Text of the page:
Tuesday, November 6, 2007

The Infertility Stuff, Part 2

The fantastic Creighton Model practitioner fit us into her schedule for a special introductory session, since we couldn't make it to her next few scheduled group introductory sessions. We had to chart a complete cycle before we could start the next step of hormone testing. (Usually, it's two cycles, but since we had been charting using the Sympto-Thermal Method, the doctor figured we'd be quick to catch on.)

As a sidenote, we both love the Creighton Model. It's so systematic--in comparison to the Sympto-Thermal Method, we found the instructions for observations to be so clear and specific! (Of course, CCLI has been updating their Sympto-Thermal materials, too, and I'm really interested to see the changes.) It was tough for me to give up taking my temperature (in terms of trusting the method, not having to get up every morning to take my temperature--our schedules aren't that regular, and having to wake up at the same time every day was a pain), but once I saw how well it worked, I was sold.

So, we got going on the Creighton Model, and then my doctor started in on the NaPro Technology protocols. (Ha! "Protocols" just reminded me of 24. No sattelite coverage needed.) The first step involved having blood drawn every other day for about three weeks, then freezing the samples and shipping them to the Pope Paul VI Institute for hormone testing. It was so nice to have someone taking the whole thing seriously! And I love the NaPro Technology approach. NaPro Technology is an approach (created by the same doctor who created the Creighton Model) to reproductive health that takes a disease-based approach to infertility.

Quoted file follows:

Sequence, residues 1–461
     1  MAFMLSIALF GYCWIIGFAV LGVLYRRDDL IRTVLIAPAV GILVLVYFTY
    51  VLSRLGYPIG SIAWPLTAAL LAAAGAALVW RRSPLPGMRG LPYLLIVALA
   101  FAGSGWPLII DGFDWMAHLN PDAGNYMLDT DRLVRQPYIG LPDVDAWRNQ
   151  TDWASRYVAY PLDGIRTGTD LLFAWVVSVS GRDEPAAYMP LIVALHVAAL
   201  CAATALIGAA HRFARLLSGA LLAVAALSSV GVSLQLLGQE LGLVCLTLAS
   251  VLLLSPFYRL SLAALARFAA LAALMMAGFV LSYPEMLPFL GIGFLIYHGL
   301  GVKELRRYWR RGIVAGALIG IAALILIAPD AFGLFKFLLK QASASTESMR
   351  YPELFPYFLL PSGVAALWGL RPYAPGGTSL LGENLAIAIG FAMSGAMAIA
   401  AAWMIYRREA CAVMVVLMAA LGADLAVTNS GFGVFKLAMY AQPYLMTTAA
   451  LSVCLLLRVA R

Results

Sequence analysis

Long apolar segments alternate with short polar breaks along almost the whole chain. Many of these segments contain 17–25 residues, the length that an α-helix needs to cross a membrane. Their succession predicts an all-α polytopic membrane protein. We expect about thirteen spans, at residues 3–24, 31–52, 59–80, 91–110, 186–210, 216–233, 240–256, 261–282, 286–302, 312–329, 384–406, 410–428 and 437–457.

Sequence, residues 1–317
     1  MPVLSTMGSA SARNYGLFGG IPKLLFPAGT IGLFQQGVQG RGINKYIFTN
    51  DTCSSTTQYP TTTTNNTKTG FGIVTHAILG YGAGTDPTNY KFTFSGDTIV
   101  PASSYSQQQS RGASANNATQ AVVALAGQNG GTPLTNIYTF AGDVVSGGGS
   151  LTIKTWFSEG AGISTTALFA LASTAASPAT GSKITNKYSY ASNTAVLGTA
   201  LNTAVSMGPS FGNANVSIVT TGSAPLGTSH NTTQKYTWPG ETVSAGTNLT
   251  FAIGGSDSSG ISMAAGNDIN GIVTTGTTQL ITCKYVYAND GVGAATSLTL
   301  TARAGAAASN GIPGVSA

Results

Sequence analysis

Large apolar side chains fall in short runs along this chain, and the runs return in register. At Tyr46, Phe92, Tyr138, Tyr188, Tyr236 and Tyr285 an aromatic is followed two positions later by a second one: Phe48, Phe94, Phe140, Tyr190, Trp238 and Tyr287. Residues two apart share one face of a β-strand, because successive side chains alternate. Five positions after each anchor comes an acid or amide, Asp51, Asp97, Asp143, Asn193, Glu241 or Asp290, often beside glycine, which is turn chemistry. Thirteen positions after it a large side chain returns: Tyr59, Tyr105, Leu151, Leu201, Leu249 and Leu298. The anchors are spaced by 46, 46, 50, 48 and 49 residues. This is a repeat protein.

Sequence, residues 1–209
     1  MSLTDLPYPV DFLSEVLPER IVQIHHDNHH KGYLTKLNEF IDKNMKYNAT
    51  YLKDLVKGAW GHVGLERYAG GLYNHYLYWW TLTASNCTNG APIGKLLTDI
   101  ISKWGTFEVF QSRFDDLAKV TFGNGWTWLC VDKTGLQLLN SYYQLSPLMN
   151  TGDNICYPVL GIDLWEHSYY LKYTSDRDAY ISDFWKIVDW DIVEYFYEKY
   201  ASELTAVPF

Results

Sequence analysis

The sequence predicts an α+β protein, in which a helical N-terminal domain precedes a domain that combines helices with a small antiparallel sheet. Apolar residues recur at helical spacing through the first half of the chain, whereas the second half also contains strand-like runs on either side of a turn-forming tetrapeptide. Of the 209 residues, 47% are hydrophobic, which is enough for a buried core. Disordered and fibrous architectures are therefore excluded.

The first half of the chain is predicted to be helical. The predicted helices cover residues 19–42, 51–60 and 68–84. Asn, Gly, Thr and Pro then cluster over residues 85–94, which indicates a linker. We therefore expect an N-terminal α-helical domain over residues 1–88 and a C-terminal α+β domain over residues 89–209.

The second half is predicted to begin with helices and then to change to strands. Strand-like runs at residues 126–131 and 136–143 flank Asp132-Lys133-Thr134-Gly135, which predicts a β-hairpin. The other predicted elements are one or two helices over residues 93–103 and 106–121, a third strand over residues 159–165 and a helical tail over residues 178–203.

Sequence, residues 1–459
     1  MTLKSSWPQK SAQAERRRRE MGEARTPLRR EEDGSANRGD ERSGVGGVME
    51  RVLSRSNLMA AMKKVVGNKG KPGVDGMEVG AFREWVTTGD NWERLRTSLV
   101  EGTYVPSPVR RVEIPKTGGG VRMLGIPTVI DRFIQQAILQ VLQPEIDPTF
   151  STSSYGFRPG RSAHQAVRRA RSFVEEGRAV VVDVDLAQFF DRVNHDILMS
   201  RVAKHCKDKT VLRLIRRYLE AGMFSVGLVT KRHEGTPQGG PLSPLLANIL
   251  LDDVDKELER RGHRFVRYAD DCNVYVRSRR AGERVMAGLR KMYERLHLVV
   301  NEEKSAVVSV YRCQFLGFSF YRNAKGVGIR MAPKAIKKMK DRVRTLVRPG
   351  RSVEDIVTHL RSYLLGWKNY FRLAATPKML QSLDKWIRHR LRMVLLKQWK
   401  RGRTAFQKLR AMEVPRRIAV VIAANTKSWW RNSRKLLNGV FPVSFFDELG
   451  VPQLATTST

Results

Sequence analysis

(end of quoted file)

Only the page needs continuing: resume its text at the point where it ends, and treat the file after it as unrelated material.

Well, of course, I thought, when I first heard of NaPro Technology (in an article in the National Catholic Register). What other approach would you take? People are designed to be fertile. If they're not, then there must be something wrong. Wouldn't the first step be to find out what the problem is?

We knew that my local doctor would be able to learn a lot from the series of hormone tests, but if medical treatment of any problems revealed through the hormone testing didn't do the trick, the next step would be to have surgery--through the Pope Paul VI Institute. Though that sounded great (hmm . . . a surgeon whose whole career has been devoted to this area of work, who has written a textbook about his methods, who created an approach to treating infertility that has far higher success rates than other approaches. . . um, OK, sign me up!), the distance and the worries about insurance coverage made us think that we should find out what our local options were.

So, we decided to check out the reproductive endocrinology department of our HMO. And then we found out what a different approach to infertility might look like . . .

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